Regulators, on the other hand, find that multispecies toxicity tests (microcosms and mesocosms) have problems that limit their utility in risk assessment, including issues of standardization, replication, cost, and clarity of end points. Furthermore, regulators point to the existence of at least some comparisons between single-species tests and tests with microcosms and mesocosms which suggest that results from single-species tests can be extrapolated to higher levels of organization (Giddings and Franco, 1985; Larson et al., 1986). An example of the interplay between ecologists and regulators is provided in a special issue of the journal Ecological Applications (Vol. 7, pp. 1083-1132) which provides discussion about EPA's decision to formally drop the use of mesocosms as the high tier in testing of pesticides. Apparently, there is a fundamental lack of agreement between ecologists and regulators about the need for multispecies toxicity tests (Dickson et al., 1985).

This situation presents an ecological engineering design challenge to create multispecies toxicity tests in the form of microcosms and mesocosms that will satisfy both ecologists and regulators. A large volume of literature has developed on various systems design and testing protocols (Hammons, 1981; Hill et al., 1994; Kennedy et al., 1995a; Pritchard and Bourquin, 1984; Sheppard, 1997; Voshell, 1989). Much of this work is funded by the EPA and the chemical production industries. For example, starting in the 1980s, the EPA funded center-scale research first at Cornell University, then at the Microcosm Estuarine Research Laboratory (MERL) facility on Narragansett Bay, RI, and presently at the Multiscale Experimental Ecosystem Research Center (MEERC) at the University of Maryland. Earlier work by the University of Georgia scientists on end points for microcosm testing of chemicals is a good example of efforts by ecologists to develop simple designs and appropriate end points (Hendrix et al., 1982; Leffler, 1978, 1980, 1984). They used small aquatic microcosms and tested for the influence of chemical inputs on a variety of system parameters listed below:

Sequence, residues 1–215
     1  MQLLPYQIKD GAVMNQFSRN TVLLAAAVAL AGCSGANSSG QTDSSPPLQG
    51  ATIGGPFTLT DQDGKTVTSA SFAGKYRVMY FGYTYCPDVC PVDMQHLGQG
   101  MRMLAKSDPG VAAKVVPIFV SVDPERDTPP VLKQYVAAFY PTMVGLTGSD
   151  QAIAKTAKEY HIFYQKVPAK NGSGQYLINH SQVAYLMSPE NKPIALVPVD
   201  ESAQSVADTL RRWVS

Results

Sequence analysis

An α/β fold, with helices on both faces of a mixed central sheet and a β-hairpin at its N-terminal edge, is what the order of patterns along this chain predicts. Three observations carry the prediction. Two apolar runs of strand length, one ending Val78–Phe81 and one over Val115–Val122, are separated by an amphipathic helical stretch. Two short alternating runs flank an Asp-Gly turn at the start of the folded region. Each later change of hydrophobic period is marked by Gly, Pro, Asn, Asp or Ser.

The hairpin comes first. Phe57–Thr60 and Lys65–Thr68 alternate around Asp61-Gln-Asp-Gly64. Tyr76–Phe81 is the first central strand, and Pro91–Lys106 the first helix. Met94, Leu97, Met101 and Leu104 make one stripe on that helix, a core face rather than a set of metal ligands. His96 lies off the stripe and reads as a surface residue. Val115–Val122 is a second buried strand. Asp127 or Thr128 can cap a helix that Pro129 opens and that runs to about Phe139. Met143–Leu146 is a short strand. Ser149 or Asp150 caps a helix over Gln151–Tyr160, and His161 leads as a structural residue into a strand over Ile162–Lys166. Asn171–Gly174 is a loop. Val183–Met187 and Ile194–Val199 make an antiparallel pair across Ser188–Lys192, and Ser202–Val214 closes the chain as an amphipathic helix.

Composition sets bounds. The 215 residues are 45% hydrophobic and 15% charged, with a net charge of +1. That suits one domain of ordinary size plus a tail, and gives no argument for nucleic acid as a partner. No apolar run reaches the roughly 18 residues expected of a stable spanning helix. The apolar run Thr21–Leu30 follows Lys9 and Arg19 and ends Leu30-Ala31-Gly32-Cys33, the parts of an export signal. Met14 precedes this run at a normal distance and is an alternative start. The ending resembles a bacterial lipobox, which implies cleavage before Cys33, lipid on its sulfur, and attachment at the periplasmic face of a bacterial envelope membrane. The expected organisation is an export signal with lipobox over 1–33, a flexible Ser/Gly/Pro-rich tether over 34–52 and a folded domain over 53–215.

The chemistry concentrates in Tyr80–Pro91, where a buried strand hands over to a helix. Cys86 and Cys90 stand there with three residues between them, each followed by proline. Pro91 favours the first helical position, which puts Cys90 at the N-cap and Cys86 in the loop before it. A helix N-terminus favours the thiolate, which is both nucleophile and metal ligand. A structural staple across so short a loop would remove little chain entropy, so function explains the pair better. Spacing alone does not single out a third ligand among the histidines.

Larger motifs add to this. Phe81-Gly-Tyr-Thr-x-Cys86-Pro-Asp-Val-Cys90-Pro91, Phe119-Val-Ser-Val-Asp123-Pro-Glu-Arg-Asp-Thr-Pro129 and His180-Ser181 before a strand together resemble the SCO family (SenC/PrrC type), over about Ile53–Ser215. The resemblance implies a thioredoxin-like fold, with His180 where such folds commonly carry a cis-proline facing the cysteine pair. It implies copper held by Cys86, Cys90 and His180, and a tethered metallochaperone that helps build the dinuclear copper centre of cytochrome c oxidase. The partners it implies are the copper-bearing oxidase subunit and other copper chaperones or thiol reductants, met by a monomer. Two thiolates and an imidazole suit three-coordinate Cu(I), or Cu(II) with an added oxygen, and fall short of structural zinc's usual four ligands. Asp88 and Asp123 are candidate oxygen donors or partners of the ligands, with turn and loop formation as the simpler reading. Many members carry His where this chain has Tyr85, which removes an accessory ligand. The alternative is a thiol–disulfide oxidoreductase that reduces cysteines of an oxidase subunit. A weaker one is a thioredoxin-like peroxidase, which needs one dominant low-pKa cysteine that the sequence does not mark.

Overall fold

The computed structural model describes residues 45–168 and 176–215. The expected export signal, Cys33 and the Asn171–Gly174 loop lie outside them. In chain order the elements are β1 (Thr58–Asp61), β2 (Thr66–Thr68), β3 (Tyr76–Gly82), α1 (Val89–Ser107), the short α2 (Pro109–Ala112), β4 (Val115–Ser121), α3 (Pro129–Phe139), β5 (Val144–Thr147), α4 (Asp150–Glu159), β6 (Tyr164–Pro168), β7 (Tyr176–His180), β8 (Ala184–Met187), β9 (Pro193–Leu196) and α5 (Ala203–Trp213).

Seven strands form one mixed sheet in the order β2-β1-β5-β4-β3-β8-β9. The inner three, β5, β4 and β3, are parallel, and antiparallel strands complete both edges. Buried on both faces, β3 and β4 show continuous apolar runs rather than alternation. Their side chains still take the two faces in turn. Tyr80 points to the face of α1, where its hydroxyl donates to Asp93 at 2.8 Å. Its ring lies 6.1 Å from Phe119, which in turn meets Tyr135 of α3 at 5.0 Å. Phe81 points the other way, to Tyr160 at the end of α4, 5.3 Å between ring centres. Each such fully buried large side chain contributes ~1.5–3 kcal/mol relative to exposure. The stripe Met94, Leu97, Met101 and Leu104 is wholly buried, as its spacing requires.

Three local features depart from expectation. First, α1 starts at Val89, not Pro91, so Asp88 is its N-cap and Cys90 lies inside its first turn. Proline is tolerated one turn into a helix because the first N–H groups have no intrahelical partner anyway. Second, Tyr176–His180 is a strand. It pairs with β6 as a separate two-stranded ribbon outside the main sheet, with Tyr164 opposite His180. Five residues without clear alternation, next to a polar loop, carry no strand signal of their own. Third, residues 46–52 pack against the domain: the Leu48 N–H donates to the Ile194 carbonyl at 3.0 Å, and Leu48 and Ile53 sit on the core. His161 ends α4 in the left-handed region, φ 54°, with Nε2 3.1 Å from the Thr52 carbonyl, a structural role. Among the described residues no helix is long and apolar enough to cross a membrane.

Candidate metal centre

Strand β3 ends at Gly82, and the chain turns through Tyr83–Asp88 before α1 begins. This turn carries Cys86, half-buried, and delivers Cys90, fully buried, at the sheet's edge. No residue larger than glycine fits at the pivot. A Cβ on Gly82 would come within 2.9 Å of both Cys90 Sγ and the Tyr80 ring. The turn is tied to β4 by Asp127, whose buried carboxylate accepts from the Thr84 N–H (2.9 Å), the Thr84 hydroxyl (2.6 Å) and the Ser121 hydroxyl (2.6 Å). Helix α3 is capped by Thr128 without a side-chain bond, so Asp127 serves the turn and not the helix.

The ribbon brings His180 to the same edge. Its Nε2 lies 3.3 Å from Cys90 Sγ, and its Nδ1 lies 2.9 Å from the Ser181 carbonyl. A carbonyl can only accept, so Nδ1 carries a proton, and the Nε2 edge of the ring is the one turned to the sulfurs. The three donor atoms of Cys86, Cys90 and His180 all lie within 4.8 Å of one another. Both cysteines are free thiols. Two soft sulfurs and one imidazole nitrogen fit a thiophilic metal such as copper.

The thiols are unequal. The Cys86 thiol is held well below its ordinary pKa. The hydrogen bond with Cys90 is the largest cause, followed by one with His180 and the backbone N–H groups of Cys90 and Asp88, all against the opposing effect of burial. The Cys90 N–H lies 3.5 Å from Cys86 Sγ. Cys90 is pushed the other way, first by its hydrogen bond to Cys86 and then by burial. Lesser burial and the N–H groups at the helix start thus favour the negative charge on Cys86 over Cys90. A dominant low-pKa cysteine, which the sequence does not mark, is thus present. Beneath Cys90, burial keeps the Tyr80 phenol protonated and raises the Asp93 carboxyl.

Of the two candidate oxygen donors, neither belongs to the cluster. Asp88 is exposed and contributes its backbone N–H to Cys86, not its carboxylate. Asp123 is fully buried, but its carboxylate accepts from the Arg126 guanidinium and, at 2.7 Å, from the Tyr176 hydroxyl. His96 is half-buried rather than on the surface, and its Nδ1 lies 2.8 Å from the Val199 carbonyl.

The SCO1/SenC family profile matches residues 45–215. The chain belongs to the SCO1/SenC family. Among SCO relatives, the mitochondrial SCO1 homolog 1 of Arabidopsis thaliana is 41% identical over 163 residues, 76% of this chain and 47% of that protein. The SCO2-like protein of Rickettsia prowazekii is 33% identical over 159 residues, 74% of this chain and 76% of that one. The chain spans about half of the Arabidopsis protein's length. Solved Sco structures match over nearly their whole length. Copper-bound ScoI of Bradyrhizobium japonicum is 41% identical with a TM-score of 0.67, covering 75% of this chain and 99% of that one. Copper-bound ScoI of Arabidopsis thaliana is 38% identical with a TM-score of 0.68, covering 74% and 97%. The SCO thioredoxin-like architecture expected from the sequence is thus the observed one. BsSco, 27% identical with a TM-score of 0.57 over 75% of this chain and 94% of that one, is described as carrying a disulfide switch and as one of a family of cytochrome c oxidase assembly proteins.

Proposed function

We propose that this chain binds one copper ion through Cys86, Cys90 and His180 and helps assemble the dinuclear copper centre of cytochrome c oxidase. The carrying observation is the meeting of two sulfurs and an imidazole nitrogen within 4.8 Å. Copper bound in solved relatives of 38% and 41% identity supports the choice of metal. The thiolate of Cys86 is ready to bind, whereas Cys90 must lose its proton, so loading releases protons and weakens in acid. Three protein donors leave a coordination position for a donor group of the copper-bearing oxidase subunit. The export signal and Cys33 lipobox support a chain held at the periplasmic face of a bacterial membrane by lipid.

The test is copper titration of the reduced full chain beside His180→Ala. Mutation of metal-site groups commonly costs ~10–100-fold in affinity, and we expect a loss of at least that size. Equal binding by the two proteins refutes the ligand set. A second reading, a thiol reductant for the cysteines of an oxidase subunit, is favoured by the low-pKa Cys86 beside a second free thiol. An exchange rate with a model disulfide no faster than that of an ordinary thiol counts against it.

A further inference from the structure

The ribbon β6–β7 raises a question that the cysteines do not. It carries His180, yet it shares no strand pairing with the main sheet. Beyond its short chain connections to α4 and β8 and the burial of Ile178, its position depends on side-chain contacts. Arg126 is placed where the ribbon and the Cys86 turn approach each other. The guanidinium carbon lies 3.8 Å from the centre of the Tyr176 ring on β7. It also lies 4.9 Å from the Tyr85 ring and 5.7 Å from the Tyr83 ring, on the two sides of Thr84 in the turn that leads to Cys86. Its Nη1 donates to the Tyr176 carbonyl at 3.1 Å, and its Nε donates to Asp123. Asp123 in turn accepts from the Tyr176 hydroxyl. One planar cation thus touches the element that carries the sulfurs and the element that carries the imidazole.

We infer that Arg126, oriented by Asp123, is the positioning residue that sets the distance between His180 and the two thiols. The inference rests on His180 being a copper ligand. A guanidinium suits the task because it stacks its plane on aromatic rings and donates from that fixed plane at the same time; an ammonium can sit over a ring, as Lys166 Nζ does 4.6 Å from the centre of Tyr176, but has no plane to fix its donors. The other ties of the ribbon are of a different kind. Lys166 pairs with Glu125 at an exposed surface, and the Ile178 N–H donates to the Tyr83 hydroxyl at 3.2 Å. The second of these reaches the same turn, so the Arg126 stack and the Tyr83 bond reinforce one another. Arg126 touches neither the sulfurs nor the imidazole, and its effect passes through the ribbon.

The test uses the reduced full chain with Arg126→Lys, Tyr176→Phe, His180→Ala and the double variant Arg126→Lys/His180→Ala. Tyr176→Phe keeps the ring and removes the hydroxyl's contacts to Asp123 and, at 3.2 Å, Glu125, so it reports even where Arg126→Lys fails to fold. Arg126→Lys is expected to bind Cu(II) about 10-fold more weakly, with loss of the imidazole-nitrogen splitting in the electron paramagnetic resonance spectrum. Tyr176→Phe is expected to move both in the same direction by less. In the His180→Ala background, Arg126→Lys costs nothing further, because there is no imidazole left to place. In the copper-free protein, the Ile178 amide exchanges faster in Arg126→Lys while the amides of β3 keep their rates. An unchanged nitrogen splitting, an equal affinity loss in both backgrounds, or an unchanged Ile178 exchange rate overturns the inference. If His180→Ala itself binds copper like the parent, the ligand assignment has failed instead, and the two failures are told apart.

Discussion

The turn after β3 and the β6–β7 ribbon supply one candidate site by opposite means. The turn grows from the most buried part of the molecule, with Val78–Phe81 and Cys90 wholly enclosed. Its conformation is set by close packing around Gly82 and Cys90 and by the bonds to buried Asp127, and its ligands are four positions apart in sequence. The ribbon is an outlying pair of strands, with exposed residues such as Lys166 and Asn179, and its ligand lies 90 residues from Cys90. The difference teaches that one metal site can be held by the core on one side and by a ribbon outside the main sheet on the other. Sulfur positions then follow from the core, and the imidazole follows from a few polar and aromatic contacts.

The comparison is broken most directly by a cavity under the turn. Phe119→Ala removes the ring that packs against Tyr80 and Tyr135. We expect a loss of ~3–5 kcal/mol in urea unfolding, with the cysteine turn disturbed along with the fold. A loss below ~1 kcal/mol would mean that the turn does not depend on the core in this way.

Chlorophyll a

Net daytime production

Nighttime respiration

Gross production

Net community production

From this work Leffler (1978) derived a formal definition of stress with several metrics that could be useful as end points (Figure 4.8). Stress is evident and quantified by the difference between the experiment and control microcosms in Leffler's definition. Unfortunately, this approach is relatively complicated compared with the simple LD50 toxicity test on single species, which regulators prefer. However, the University of Georgia research described above represents the kind of efforts ecol-ogists are taking to meet the needs of regulators for multispecies toxicity tests.

Some of the most valuable progress at bridging the gap between regulators and ecologists has been in the development of standardized microcosms. Regulators value precision (low variance) and reproducibility (Soares and Calow, 1993), and these preferences have led some ecologists to design, build, and operate small, simple e

Day of Exposure

FIGURE 4.8 Definition of stress as a deviation in system response in a microcosm experiment. (From Leffler, J. W. 1978. Energy and Environmental Stress in Aquatic Systems. J. H. Thorp and J. W. Gibbons (eds.). U.S. Dept. of Energy, Washington, DC. With permission.)

FIGURE 4.8 Definition of stress as a deviation in system response in a microcosm experiment. (From Leffler, J. W. 1978. Energy and Environmental Stress in Aquatic Systems. J. H. Thorp and J. W. Gibbons (eds.). U.S. Dept. of Energy, Washington, DC. With permission.)

microcosms as test systems. Precision and reproducibility in a test system provide the confidence in results that regulators appreciate for decision making. Beyers and H. T. Odum (1993) called these "white mouse" microcosms, drawing on the analogy of standard experimental animals used in medical research. The first example of a standardized microcosm in ecotoxicology was developed by Robert Metcalf (Met-calf, 1977a, b; Metcalf et al., 1971), who was an entomologist with an interest in